The hotel was practically empty but people started arriving on Friday afternoon, and on Saturday it was really full.  The weather continued to be mild and rainy all through Friday and we actually ate outside and that on the 2nd of December! We also visited the two famous Christmas markets of Valkenburg situated in the caves (I'll post photos later). Here we got lucky yet again as on Saturday there was something like a 5-km line to enter one of them and we happily informed those asking questions about it that we'd already been inside and there had been virtually no one there (not entirely true, but sounded nice. Yes, we are mean...just a tiny bit:).

Saturday the weather started changing and there was frost on the ground. Luckily, we took some warm clothes. During breakfast the fire alarm went off. We all kept a stiff upper lip and continued eating as if nothing had happened - it didn't, really, they just had a faulty smoke detector. Half an hour later firemen arrived, looking very tough and macho in their gear. They provided a welcome distraction, with some folks going outside to snap pics of the fire engine. Their chief sent two guys to investigate and himself got involved in a lively conversation with the hotel's owner's wife, removing his helmet in the process. He proved to be just an ordinary middle-aged guy, not some superman - clothes do make a man after all:)

After breakfast we decided to visit Aachen, with great luck yet again had little trouble in parking our car. On the way to the center we visited a craft and a whiskey stores and some others. Arrived at the market at about 11.30 a.m. It was huge, it was full, and everybody was drinking mulled wine. My, do these Germans start early. It was full of tourists, too, including a bus of Islamic women all by themselves, without any man in sight. There were lots of security guys, too, but the sphere was warm and friendly, no machine guns in sight (unlike in la belle France where they use the army for patrolling the streets, or at least, they did when we went there).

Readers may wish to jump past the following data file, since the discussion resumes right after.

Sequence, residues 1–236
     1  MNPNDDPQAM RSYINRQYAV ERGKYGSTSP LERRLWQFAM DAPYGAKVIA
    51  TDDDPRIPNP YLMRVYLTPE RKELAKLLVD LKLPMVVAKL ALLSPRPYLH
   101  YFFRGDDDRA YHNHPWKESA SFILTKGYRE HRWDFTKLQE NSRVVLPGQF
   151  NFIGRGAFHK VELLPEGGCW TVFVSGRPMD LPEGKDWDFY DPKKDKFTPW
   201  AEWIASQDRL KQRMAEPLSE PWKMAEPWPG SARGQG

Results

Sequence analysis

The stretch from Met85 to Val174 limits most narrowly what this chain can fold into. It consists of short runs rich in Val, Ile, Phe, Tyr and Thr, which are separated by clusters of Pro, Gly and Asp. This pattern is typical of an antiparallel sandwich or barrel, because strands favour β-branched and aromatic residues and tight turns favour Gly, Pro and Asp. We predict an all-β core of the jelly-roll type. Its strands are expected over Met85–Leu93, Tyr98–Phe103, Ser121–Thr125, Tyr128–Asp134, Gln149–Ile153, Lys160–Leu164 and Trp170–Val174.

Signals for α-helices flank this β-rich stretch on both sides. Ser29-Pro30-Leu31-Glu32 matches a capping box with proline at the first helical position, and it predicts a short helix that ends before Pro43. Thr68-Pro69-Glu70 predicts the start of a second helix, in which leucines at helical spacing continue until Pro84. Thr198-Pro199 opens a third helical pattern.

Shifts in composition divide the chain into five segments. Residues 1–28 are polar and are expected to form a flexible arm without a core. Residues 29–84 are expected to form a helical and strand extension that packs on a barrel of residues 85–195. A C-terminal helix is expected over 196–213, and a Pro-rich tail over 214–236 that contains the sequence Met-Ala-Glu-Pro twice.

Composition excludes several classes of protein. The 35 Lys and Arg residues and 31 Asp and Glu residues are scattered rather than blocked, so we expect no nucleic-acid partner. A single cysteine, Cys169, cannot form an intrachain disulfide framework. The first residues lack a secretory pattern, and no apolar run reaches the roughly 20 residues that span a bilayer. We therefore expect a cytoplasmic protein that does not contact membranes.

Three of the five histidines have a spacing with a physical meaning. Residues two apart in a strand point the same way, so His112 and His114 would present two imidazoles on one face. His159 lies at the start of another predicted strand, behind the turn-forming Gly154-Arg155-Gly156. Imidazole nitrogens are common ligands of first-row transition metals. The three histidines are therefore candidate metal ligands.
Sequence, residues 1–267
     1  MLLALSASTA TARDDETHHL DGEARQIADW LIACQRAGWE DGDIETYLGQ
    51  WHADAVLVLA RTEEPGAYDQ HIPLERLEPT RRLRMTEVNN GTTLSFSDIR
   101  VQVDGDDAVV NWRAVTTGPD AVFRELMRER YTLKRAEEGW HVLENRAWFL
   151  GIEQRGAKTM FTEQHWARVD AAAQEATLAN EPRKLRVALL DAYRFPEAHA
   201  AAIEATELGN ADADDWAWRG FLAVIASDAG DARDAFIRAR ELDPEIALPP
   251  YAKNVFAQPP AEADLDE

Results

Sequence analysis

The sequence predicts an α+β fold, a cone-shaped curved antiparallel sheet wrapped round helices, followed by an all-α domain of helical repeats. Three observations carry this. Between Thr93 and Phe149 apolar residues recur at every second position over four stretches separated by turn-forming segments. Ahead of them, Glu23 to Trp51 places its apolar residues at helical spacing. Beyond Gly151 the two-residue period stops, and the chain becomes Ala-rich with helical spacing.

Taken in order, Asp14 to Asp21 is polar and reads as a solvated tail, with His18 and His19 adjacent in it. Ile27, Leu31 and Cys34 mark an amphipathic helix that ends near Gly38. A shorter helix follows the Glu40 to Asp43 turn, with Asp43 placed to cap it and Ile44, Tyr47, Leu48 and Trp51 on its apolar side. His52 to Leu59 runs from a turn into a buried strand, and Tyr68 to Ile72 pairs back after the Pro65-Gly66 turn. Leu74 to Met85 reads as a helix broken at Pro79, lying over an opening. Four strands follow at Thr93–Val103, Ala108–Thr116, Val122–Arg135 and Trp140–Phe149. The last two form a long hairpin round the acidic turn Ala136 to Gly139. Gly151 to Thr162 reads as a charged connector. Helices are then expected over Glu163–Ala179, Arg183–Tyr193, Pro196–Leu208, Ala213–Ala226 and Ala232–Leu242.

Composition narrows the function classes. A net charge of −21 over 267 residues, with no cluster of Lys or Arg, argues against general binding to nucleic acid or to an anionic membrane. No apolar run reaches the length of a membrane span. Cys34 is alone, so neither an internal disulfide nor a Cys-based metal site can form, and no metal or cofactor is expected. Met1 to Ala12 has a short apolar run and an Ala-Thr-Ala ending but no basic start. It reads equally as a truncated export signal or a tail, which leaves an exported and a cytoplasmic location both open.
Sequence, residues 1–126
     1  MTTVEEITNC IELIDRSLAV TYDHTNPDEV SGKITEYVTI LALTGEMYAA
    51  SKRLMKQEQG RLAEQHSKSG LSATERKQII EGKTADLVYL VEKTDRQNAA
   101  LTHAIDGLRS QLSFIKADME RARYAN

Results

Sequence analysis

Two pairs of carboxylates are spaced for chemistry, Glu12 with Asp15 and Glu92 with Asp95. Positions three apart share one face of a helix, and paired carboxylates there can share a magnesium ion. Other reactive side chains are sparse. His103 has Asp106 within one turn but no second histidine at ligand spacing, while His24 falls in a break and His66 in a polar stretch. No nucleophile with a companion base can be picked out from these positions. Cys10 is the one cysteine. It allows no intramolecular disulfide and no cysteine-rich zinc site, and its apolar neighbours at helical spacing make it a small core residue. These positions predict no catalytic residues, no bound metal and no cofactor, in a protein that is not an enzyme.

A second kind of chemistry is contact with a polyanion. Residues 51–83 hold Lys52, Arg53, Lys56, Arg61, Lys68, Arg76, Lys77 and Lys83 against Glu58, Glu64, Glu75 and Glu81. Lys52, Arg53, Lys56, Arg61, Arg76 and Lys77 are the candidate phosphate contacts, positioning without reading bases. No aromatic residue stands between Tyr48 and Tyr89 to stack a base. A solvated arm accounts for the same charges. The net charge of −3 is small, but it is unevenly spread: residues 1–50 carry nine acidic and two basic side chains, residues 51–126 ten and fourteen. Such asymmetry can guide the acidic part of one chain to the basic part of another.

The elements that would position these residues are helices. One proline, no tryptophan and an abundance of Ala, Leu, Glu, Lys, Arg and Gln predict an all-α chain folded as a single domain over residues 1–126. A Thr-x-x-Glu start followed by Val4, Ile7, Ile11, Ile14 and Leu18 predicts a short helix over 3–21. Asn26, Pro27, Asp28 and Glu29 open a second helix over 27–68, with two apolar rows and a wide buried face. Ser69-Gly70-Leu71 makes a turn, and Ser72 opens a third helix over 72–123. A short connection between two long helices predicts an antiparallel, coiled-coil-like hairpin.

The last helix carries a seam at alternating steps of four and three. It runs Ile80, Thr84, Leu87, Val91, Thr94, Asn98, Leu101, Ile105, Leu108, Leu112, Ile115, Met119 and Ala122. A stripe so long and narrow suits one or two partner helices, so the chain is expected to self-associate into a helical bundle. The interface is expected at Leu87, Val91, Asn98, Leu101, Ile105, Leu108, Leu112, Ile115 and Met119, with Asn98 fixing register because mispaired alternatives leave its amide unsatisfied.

We came back to our hotel, ate our lunch and decided to take a walk to Valkenburg instead of going by car. So we bravely climbed the mountain and about 1.5 hour later reached the city centre, marvelled at the amount of tourists, took pictures and in general, enjoyed ourselves. In the evening we came back yet again, for the Christmas parade. By this time it was like -4*C but the tourists weren't discouraged in the slightest, we had difficulty finding a place to watch. When we finally left, some (lady) folks were just starting to dance around in the streets. I hate to think what they might have come to later.

Next morning we were awoken by fire alarm at 8.15 a.m. though this time no firemen arrived. In the retrospect it was good, too, since the canteen was so full that those who came later had to eat their breakfast by the reception. Outside it was cold and glorious. We even had time to go for a walk before we left. And that's the gist of my vacation impressions:)

Monday, December 5, 2016

Vacation Pictures (Some Of)

In no particular order:

These all are from Valkenburg and its surroundings, I'll post the pics from Aachen and the caves as soon as I can get my husband send them from his phone to my computer:)